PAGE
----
This post builds on the research article “The Blue Years: An Ethnography of a Prison Archive,” which was published in the November 2016 issue of the Society’s peer-reviewed journal, Cultural Anthropology.
Jessica Cooper and Andrés Romero: “The Blue Years” revolves around the archive of letters that came into your possession, but we were hoping that you could speak to some of the other archives mentioned in the article. You explicitly reference the daily log at the clinic as a kind of poorly constructed archive, in which you eventually come to see value. But do you consider your field notes as a type of archive? Now that your readers have encountered Eugenia and Bernadette in multiple publications (Garcia 2010, 2014), does your record of publication form a type of archive? How do these archives compare with each other in terms of aesthetics, content, and implications for theorizing the archive? In the context of your discussion of Elizabeth Povinelli’s concept of the archive, what are the differences between these types of archives? What intellectual work is accomplished by calling a collection “an archive”? And in what ways might we understand fieldwork as an embodied archival practice, in which the ethnographer accrues experiences of “being there” (Borneman and Hammoudi 2009)?
Angela Garcia: Your questions inspired me to dig up some of my old notebooks from my early fieldwork in New Mexico. They’re mostly filled with life narratives, bits of conversation, stories, and descriptions. Random thoughts, doodles and to-do lists are also scattered throughout the pages. The prose is rough and the handwriting becomes messier with time. It’s clear that I didn’t expect others to read or to value the notes when I was producing them, leaving them behind by the activity of writing them down.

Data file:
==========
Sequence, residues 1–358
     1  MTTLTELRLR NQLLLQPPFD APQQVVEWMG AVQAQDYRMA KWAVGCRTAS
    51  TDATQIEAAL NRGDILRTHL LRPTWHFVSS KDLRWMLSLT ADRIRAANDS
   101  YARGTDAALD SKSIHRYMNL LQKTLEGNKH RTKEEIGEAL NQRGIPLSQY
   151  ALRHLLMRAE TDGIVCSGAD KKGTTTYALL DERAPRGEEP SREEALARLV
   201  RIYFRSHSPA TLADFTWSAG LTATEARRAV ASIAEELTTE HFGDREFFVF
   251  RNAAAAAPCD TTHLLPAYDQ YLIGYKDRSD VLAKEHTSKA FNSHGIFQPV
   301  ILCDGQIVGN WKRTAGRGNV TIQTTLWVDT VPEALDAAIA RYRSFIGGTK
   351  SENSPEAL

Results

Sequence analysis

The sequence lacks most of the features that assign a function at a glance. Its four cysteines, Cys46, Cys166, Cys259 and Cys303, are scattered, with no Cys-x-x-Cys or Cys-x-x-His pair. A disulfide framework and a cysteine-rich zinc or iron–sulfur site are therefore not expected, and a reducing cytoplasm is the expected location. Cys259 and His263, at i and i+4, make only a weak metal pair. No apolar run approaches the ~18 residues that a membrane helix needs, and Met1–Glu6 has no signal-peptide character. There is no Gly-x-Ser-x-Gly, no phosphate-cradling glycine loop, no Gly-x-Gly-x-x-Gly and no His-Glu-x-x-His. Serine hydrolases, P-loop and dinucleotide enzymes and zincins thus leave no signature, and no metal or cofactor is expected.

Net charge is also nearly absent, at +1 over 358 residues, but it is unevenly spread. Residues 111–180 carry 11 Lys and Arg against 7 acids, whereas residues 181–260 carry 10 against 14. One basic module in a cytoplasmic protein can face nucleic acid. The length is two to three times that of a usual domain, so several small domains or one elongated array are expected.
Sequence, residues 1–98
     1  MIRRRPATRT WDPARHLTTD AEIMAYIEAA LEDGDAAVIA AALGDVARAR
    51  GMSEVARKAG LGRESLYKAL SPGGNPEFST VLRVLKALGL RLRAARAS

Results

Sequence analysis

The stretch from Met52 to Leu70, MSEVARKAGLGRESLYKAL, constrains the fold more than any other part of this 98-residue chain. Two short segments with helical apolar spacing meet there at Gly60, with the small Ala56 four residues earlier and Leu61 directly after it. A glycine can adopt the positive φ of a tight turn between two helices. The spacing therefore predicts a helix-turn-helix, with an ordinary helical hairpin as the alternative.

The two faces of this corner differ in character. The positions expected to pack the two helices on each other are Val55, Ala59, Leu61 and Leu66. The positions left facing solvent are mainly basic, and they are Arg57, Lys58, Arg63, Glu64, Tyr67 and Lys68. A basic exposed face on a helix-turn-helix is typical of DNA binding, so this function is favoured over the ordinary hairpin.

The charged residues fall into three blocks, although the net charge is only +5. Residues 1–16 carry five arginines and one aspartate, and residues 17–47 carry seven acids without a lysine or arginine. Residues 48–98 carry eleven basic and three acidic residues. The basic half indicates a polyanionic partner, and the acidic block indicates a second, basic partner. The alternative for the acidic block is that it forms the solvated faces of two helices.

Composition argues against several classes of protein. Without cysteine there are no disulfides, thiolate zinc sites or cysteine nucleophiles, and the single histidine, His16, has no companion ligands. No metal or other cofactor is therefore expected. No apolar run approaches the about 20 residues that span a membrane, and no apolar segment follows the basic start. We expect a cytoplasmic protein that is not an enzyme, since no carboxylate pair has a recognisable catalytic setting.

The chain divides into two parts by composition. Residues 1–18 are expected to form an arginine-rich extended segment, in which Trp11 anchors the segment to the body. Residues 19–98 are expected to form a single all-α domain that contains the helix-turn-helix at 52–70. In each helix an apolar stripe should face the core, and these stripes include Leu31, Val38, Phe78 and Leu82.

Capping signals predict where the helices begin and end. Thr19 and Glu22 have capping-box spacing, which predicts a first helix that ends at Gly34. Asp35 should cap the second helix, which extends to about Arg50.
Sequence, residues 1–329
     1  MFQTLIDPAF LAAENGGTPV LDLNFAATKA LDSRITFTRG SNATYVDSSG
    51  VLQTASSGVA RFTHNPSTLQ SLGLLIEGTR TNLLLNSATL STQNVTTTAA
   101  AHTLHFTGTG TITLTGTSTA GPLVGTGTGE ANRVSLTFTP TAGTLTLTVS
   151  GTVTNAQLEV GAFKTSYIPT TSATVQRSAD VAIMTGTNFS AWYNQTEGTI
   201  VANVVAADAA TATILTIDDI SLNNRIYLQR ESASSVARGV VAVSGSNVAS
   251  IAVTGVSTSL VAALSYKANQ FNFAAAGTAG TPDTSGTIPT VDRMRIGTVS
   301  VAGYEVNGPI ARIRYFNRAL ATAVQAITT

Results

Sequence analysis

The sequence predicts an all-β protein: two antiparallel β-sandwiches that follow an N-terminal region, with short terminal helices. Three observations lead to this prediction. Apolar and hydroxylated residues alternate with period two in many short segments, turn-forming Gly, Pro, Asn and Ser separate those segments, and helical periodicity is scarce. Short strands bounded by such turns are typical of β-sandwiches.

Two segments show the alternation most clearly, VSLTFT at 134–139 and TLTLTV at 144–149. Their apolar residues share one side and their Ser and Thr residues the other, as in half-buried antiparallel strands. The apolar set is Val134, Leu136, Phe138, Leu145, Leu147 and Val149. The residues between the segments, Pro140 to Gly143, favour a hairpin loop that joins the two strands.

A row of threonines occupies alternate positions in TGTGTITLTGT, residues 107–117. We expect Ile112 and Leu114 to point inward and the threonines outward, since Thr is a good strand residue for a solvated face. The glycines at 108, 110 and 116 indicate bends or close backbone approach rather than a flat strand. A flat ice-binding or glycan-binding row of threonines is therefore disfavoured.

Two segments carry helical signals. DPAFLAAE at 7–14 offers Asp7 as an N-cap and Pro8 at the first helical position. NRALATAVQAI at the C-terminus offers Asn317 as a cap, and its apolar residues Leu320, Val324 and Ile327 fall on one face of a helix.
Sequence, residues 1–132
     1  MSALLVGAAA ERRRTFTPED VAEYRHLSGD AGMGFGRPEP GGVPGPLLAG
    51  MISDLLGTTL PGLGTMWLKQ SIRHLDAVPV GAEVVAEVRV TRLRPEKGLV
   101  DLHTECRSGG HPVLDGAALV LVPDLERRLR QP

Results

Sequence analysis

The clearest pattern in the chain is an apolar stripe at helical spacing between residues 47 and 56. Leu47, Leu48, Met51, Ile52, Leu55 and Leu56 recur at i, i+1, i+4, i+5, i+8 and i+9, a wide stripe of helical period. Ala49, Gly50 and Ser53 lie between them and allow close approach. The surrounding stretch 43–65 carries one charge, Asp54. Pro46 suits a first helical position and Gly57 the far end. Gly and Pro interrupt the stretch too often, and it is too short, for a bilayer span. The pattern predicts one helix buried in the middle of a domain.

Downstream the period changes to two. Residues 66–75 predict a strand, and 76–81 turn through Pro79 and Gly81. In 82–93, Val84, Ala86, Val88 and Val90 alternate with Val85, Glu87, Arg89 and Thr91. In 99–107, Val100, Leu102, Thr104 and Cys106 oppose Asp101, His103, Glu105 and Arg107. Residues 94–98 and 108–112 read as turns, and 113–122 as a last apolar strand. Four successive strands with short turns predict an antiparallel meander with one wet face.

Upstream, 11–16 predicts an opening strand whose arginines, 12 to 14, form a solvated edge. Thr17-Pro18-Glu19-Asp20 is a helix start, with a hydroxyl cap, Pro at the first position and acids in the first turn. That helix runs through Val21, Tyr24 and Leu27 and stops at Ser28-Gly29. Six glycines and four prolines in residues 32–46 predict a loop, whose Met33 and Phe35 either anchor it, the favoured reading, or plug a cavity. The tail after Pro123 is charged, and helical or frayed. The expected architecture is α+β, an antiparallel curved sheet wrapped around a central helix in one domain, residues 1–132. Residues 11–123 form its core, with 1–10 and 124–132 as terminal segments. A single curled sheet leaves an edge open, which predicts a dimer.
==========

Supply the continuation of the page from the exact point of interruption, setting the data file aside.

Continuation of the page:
Nevertheless, one might approach them as an archive of an anthropologist building a line of inquiry, or an archive of her developing relationships with others, or even an archive of becoming an anthropologist. Field notes are traces of a previous life, which we engage in some later moment. My own field notes persist materially and are a resource for my response to you, as well for my publications. In this sense, they have potential as an archive, even if I’m the only one engaging them directly.
Beyond the written notes are embodied memories accrued by “being there.” We return to these memories, often through unexpected scenarios. Think of the recent film Moonlight. Different scenes in the film (the strung-out mother begging her son for money, the neglected child boiling water for a bath) took me back to my role as witness to and participant in certain situations that I encountered in the field. The film animated these other scenes, made me reconsider them, not on a discursive level, but in a more embodied way.
JC and AR: The prison letters with which this article grapples seem to be hinting at a kind of force that materiality has the potential to transmit and to effect in others. “The Blue Years” offers us, as readers, images of the unsettling impact that these letters and the larger archival assemblage had on you, manifesting with much greater intensity in particular moments. In fact, the archive’s material presence seems to be unbearable at times, to the point that you are unable to be in the archive’s proximity—inducing “a feeling of being observed,” or feeling “pricked” by the letters. The letters themselves seem to act on you, as you note, “as if the letters were alive.” How do we as ethnographers grapple with such uncanny experiences and/or become more openly receptive to the agency of the objects with which we form a relatedness? In terms of theory, what contribution, if any, does the literature on new materialities, such as the work of Jane Bennett (2010), make to the article? That is: do the prison letters bear a kind of thing-power entirely of their own, or should these letters be primarily engaged and interpreted from the perspective of human interlocutors?